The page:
The sheer variety and artistry of much of Berlin’s street art is remarkable, and perhaps only really matched by the sheer industry of the artists. The recent spring weather has allowed us to unearth more examples of why Berlin is considered one of the best street art spotting cities in the world. While the city has attracted international artists by the score to decorate its cityscape, it was Berlin-based collective, Die Dixons, that recently brought the Mona Lisa here.
Not the enigmatic beer mat-sized Rennaisance masterpiece by Leonardo da Vinci that hangs in The Louvre. But a 30-metre high version that covers the entire side of a hotel close to the river in Berlin’s Friedrichshain neighbourhood. It is claimed that this is the largest reproduction of the Mona Lisa anywhere in the world. It was an arresting sight as walked across the Oberbaumbrücke. Strangely though, it wasn’t the most arresting sight of the day.
Designed to attract attention, there was always the possibility that the A4-sized white paper with bold black lettering attached to a lamppost in Kreuzberg was a real advert – this is Berlin after all. I assumed it was a bit of street art creative mischief, but it turned out to be something even more fun. A well designed advert of someone looking for an apartment to share. You have to read between the lines to see the real message, it’s quite brilliant.
I hope that the advertiser found a room to rent, perhaps whoever ripped off one of the small tickets with his phone number? If anyone knows, I need closure on this mystery.
One thing is certain, after our first winter in Berlin I’m glad for the color and humour street art contributes to the physical appearance of the city. Amidst the unrelenting gun-metal grayness of the winter months, I think Argentinian artist, Alaniz, has a point when he claims street art is a gift to the inhabitants of a city. It may well be the dread of the winter months that has made Berliners so accepting of street art.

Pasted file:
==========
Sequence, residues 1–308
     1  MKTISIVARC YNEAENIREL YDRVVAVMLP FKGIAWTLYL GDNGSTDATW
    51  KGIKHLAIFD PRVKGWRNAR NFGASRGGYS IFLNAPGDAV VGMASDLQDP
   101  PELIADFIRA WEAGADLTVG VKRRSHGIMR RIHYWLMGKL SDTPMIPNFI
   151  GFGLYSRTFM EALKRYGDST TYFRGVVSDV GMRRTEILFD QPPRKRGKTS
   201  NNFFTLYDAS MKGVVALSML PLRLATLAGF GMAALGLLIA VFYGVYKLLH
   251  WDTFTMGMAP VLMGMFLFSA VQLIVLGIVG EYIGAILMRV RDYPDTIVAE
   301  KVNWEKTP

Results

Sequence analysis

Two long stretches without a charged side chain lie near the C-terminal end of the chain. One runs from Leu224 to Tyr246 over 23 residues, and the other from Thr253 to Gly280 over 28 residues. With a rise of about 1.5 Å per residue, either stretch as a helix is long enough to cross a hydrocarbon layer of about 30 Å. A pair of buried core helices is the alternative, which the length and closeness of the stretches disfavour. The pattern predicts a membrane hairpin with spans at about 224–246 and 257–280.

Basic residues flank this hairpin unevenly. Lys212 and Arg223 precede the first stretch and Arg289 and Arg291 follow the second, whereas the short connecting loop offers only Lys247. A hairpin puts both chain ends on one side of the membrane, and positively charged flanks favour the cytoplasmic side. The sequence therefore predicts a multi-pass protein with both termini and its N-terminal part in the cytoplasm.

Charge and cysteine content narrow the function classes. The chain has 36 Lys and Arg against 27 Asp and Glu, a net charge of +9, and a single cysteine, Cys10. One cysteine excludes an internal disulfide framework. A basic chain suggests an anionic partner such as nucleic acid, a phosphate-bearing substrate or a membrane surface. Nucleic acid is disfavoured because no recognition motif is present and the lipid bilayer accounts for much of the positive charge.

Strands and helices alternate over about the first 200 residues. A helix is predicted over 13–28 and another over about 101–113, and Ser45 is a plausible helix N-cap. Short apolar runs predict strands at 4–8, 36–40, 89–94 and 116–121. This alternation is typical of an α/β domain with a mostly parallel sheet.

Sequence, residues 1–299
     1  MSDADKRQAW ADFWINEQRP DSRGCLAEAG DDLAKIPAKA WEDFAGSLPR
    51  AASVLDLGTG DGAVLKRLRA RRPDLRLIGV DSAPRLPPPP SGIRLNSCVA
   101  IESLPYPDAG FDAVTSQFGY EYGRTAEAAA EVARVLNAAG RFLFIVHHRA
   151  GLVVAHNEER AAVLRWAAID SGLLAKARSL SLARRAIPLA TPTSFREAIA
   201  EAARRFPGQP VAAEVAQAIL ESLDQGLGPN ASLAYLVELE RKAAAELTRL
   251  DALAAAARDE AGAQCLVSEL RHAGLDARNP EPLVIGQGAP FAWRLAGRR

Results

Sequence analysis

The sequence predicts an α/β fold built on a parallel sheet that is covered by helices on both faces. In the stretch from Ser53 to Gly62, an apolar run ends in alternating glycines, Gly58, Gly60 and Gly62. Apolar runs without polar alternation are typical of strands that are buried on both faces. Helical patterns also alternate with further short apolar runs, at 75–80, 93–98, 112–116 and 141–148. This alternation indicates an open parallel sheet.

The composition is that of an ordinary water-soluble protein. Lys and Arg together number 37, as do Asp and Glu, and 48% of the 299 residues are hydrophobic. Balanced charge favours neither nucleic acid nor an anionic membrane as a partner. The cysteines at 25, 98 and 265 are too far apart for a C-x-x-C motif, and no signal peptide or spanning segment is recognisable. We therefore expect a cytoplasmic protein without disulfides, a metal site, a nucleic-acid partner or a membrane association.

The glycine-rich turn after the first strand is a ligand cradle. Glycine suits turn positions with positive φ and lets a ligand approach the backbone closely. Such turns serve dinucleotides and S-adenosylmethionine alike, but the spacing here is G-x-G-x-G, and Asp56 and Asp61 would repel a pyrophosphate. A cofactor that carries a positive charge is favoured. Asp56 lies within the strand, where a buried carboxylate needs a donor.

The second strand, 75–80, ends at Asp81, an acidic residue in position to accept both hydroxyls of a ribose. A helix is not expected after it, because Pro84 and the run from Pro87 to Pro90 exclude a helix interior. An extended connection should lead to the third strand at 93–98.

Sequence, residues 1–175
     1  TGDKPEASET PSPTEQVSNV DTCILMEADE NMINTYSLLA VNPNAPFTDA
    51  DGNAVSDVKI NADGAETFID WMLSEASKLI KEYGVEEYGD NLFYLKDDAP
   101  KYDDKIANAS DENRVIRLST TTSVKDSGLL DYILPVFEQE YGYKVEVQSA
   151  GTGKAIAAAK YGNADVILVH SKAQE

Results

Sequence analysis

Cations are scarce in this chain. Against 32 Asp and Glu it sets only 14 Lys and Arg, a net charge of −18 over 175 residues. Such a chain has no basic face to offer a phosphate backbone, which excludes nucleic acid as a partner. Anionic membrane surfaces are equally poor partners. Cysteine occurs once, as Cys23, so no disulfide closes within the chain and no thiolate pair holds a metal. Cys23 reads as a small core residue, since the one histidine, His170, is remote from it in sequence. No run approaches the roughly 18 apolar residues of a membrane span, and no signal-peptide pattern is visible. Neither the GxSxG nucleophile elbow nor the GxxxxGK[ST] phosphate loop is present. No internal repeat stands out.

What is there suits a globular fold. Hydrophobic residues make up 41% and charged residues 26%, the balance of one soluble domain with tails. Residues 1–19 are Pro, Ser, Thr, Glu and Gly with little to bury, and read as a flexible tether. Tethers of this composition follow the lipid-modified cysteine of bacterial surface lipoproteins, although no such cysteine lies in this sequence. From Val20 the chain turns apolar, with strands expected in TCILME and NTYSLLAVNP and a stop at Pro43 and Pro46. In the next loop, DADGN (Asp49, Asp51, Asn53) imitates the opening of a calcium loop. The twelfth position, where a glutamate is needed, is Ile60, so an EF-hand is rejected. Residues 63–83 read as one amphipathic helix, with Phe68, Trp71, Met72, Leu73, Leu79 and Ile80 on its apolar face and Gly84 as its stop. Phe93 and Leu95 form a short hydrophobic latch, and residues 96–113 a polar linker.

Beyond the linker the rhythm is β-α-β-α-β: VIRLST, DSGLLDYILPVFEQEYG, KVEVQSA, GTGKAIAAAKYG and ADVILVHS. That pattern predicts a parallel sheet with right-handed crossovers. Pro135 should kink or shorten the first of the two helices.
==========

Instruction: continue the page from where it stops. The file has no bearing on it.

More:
The Kreuzberg area around Oranienstrasse where we spotted this piece of genius, is a hotspot for street art, large and small. This is one of Berlin’s big nightlife zones and for decades was considered a hotbed of radical and anarchist politics. Much to the despair of locals, it is experiencing an onslaught gentrification that street art has most likely helped incubate. For the time-being, it’s still a neighbourhood that has an edge to it, but for how much longer is anyone’s guess.
The role of street art in gentrification is something that fascinates me, how a counter-culture scene can suddenly be ‘on trend’ and then become mainstream. This made the discovery of several pieces of street art at an outdoor squat (if that isn’t an oxymoron) all the more unusual. Perhaps it was intended as satire. It does make me wonder if a time is coming when street art will fall out of fashion, like all art forms at some point in time?
We remained in Kreuzberg sniffing out other street art, and very soon found ourselves admiring a legendary piece just off Köpenicker Strasse that has been here for several years. The work is by the same Alaniz, this piece depicts a sheep cradled in the arms of death. As bizarre as it is unsettling, it is something of a Berlin classic. Where it fits into the philosophy of giving something back to the community is a little harder to fathom.